Here are a few questions to help you do this, as provided by copywriter and consultant Jeff Sexton:
- What are their fears?
- What are their secret hopes and dreams?
- What (and who) do they most admire?
- Who (or what) holds power over them?
- What frustrates them?
- Where have they come up against limitations and failures?
- What’s their current worldview when it comes to your offerings/message?
- What conventional wisdom do they subscribe to?
- Where is the system and the conventional wisdom letting them down and leading them astray?
- How do they see themselves?
- What’s the biggest threat to that self-identity?
- What keeps them up at night?
- What do they wish for before blowing out the candles or while seeing a shooting star or when praying?
You can spend your life trying to sell people your box. Or you can simply give them what they crave inside theirs.
Which do you think is easier and more profitable?
Now, enough swearing for one day. Go cleanse your mind by cultivating empathy for your prospects.
Get inside their heads. Figure out what they want. Then give it to them on their terms.
Empathy is the key that will unlock your limitations, increase your website conversion rate, and boom your business.
There’s a story about Jim Camp, a leading global expert on negotiations, that can teach you volumes about how to make your website copywriting more persuasive.
Jim has been featured on CNN, CNBC, The Wall Street Journal, Fortune, Harvard Business Review, Fast Company, Inc., and more. He has trained and coached more than 100,000 people through thousands of negotiations in more than 500 multinational organizations.
Jim started his career selling water softeners door-to-door.
He was given a typical script slicked up with cliché sales techniques.
He spouted that script for two weeks.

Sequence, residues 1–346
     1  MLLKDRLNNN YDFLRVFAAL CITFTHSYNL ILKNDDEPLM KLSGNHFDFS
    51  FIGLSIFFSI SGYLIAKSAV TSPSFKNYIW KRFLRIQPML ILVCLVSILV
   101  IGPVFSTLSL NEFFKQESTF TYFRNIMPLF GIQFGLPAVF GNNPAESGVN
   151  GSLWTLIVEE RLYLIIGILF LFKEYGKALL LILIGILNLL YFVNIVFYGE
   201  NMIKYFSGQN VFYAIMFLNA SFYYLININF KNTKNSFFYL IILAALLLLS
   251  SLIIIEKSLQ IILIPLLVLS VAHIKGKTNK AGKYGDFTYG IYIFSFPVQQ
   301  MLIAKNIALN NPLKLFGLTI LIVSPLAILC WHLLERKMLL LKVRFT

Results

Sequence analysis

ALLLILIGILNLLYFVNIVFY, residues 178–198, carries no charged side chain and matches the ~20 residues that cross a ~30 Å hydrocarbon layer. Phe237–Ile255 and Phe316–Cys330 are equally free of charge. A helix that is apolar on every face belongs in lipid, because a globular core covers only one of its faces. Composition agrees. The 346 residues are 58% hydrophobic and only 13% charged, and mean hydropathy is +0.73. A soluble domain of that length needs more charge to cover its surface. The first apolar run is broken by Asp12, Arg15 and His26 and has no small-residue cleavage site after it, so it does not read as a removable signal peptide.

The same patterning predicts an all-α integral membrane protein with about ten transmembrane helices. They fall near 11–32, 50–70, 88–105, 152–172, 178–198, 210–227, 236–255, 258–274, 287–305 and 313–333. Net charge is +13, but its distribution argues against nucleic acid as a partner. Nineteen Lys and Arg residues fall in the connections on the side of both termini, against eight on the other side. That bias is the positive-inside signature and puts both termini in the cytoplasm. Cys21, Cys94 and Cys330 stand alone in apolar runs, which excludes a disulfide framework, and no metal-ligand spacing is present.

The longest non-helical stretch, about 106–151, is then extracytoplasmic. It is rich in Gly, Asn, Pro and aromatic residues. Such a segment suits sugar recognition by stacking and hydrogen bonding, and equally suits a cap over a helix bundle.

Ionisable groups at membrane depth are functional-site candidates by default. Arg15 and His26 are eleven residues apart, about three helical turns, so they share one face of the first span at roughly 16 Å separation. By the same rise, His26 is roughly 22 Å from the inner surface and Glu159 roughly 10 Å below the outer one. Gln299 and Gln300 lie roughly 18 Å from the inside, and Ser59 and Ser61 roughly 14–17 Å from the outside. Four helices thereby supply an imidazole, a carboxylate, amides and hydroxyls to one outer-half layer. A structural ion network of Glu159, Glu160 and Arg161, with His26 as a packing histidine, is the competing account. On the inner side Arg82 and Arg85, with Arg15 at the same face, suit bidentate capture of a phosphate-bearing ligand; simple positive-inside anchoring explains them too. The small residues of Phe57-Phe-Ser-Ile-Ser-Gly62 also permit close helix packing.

The result? Utter failure. Not a single sale.
So he junked his script and started asking prospects if they wanted softer hair.
He translated his product features into relevant benefits for his prospects.
No One Wants a Drill
You’ve undoubtedly heard this phrase, and it’s absolutely true: No one wants a drill; they want a hole.
If you want to sell drills, don’t talk about the drill. Talk about what it will do for people.
In other words, be relevant to your customers.
Relevance is the single most important element of persuasive website copywriting.
Conceptually, that’s a simple concept to understand.
But the trick is this: What you think is relevant may not be relevant to your prospects.
To be truly relevant with your website copywriting, you must ditch your preconceived notions and understand what your customer wants.
Don’t Bury the Lead
In Made to Stick Chip and Dan Heath share a story that also illustrates this principle well.
Journalists are taught to start stories with the “lead” — the most essential elements of the story.
The phrase “burying the lead” refers to journalists shoving the most important element of a story deep into the story structure.
Screenwriter Nora Ephron, responsible for the Academy Award-nominated films “When Harry Met Sally” and “Sleepless in Seattle” (among others), started her career as a journalist.
The first day of class, Ephron’s teacher announced the first assignment: to write the lead to a newspaper story.
The teacher reeled off the facts:
Kenneth L. Peters, the principal of Beverly Hills High School, announced today that the entire high school faculty will travel to Sacramento next Thursday for a colloquium in new teaching methods. Among the speakers will be anthropologist Margaret Mead, college president Dr. Robert Maynard Hutchins, and California governor Edmund ‘Pat’ Brown.”
Ephron and most of the other students produced leads that reordered the facts and condensed them into a single sentence:
Governor Pat Brown, Margaret Mead, and Robert Maynard Hutchins will address the Beverly Hills faculty Thursday in Sacramento…blah, blah, blah.”
The teacher collected the leads and scanned them rapidly. Then he laid them aside and paused for a moment.
Finally, he said, “The lead to the story is ‘There will be no school next Thursday.’”
He translated the dry facts into a relevant concept for readers — the essence of the story they would truly care about.
He translated the “what” details into why they mattered.
Why do your products and services matter to your customers?
Why do they buy from you? What do they truly want?
If you sell shoes, do your customers want cured leather and quality stitching, or do they want to get rid of blisters and foot pain — to feel like they’re walking on air?
If you sell low gas mileage cars, do your customers want low gas mileage, or do they want more cash in their pockets and less financial stress?
The most important — and trickiest — step with your website copywriting is to determine what’s relevant to your prospects.
Once you’ve won the battle for relevance, website leads and sales are certain to follow.
Want to see how we can make your website more relevant and persuasive to your prospects? Get your free website analysis now.